Photo Courtesy of the U.S. Attorney’s Office, Eastern District of NY
Acting Brooklyn U.S. Attorney Seth DuCharme said that Pikus’s “key role in an elaborate scheme to steal and conceal tens of millions of dollars from the Medicare and Medicaid programs, was staggering in scope and deserving of the significant punishment he received…”
By Forum Staff
A manager of medical clinics in Queens and Brooklyn has been sentenced to 13 years’ imprisonment for his role in a massive healthcare kickback and money laundering conspiracy, federal prosecutors announced Monday.
Aleksandr Pikus was also ordered by the Court to pay restitution in the amount of $23 million to Medicare, $16 million to Medicaid, $433,297 to the Internal Revenue Service, and forfeit $2,614,233.79.
Pikus was convicted in November 2019 of one count of conspiracy to commit money laundering, two counts of money laundering, one count of conspiracy to pay and receive health care kickbacks and one count of conspiracy to defraud the United States by obstructing the IRS.
According to the evidence presented at trial, over the course of nearly a decade, Pikus and his co-conspirators perpetrated a scheme through a series of medical clinics in Queens and Brooklyn that employed doctors, physical and occupational therapists and other medical professionals who were enrolled in the Medicare and Medicaid programs. In return for illegal kickbacks, Pikus referred beneficiaries to these health care providers, who submitted claims to the Medicare and Medicaid programs. Pikus and his co-conspirators then laundered a substantial portion of the proceeds of these claims through companies he controlled, including by cashing checks at several New York City check-cashing businesses. Pikus then failed to report that cash income to the IRS. Instead, Pikus used the cash to enrich himself and others and to pay kickbacks to patient recruiters, who, in turn, paid beneficiaries to receive treatment at the medical clinics. The evidence further established that Pikus and his co-conspirators used sham shell companies and fake invoices to conceal their illegal activities.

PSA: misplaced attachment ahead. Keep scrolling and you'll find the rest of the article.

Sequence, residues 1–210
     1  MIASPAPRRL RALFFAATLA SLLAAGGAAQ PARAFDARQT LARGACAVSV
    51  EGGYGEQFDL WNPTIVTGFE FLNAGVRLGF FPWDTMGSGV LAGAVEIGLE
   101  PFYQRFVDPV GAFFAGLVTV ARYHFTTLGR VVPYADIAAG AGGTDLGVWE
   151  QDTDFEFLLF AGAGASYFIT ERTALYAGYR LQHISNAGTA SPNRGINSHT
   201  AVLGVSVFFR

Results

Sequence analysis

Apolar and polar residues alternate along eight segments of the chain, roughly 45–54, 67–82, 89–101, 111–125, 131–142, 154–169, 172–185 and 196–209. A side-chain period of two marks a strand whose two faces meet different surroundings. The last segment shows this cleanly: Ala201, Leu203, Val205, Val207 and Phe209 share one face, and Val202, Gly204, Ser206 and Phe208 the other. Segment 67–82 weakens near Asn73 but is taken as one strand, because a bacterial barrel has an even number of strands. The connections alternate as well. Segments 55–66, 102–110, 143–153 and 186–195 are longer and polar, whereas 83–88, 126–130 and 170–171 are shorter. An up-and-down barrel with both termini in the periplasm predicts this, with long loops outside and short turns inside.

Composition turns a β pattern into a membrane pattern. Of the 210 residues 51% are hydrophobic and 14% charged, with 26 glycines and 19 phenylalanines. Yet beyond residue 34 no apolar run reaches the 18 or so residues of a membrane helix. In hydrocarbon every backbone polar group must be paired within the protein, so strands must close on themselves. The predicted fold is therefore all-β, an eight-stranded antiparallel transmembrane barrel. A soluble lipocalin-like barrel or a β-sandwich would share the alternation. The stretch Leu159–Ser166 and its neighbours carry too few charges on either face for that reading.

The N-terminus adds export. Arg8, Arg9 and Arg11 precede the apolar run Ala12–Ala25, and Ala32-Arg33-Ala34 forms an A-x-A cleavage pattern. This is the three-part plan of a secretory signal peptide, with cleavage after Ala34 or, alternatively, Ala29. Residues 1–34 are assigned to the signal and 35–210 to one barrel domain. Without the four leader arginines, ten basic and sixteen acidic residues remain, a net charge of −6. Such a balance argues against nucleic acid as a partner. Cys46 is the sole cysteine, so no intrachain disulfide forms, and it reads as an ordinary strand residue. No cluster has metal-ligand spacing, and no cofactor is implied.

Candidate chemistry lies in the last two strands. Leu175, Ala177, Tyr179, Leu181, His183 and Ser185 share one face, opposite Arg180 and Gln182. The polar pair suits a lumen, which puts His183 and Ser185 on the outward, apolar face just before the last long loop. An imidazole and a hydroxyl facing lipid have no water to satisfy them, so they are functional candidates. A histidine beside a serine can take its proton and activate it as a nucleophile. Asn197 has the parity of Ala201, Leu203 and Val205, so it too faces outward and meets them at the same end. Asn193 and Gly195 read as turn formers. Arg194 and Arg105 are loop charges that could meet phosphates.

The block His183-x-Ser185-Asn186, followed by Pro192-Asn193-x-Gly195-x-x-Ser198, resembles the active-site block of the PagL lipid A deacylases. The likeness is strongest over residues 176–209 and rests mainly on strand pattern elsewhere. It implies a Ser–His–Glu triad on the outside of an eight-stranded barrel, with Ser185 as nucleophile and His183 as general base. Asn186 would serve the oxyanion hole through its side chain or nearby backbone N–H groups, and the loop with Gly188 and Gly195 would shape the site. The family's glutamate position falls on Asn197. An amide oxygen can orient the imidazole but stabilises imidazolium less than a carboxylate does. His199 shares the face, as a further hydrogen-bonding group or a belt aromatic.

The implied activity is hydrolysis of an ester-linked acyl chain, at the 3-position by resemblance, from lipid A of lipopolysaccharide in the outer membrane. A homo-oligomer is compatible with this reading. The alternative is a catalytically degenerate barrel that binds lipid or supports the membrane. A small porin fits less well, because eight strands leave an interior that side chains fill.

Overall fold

Federal authorities also noted at trial that Pikus used violent threats to protect his scheme. For example, he threatened a co-conspirator who was thinking about leaving the scheme by saying: “[Y]ou know, you[’re] already with us so the only way out is feet first through the door,” meaning “like in a body bag.” When a therapist left the Pikus Clinics, the defendant told a co-conspirator “I’m hearing that he might be trying to take patients from our clinics to that other clinic. . . tell him he better stop unless he likes his legs to be broken.”
“The defendant’s key role in an elaborate scheme to steal and conceal tens of millions of dollars from the Medicare and Medicaid programs, was staggering in scope and deserving of the significant punishment he received today,” said Acting Brooklyn U.S. Attorney Seth DuCharme. “This Office takes very seriously its obligation to protect government funds that provide vital medical coverage counted upon by individuals and families who qualify because of their low income, disability or advanced years.”
According to prosecutors, more than 25 other individuals have pleaded guilty to or been convicted of participating in the scheme, including physicians, physical and occupational therapists, ambulette drivers and the owners of several of the shell companies used to launder the stolen money.